In a recent article in Purple Pages, British wine critic Jancis Robinson stated that “Chardonnay is arguably the varietal that Australia is best at currently. At least, to palates raised on wines produced outside Australia, particularly European wines.” She notes that many new examples of Australian chardonnay are tighter and leaner than they used to be, and in Europe these wines are filling a gap left by people avoiding White Burgundy because of the yet unsolved problem of premature oxidation. (Fine Australian Chardonnays rated blind 18 Apr 2012 by Jancis Robinson (For more information on the issue of premature oxidation of Burgundian wines, see A Few Interesting Facts about Burgundy: Masterclass with Burghound Allen Meadows, Cellarit Wine Blog, 13 March 2012)

On a recent visit to Australia, the Wine Spectator’s Harvey Steiman also picked up on the trend towards what he describes as chardonnays with less alcohol, less obvious oak, more savoury flavours and smoother textures from wild ferments and ageing on less. “Prevailing opinion suggests,” he remarked after meeting with Australian winemakers, wine writers and sommeliers, “that an emerging style modeled more on white Burgundy may supersede Australia’s reputation for making broad, big-fruit Chardonnays.” Action in Australian Chardonnay: New styles modeled on Burgundy make it the buzz of the country now by Harvey Steiman, Wine Spectator, 2 December 2011)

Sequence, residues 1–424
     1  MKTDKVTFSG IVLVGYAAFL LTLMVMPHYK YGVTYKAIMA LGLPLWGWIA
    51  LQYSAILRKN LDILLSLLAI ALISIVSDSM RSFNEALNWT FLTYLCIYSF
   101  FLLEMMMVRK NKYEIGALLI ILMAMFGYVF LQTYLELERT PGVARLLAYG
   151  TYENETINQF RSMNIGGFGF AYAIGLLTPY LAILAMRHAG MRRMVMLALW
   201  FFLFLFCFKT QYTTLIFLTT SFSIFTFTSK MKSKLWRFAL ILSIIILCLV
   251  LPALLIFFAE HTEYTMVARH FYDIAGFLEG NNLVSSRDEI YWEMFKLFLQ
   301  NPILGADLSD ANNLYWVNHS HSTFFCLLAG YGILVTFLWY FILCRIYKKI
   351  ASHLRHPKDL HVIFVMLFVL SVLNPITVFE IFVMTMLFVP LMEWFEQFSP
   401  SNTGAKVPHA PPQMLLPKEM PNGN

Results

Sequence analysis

Neither critic, however, was dismissive of the depth, power and elegance of the best examples of the older style of Australian chardonnay. Robinson singled out “unashamedly full-on wines” like the Giaconda Chardonnay 2008 and the Hunter Valley’s Harkham Aziza’s Chardonnay 2011 as highlights of a recent tasting of 35 Australian chardonnays. Harvey Steiman was rhapsodic about a recent vintage of Devil’s Lair from the Margaret River, which displayed “rich fruit – pineapple, pear, tropical fruits – layered … Read the rest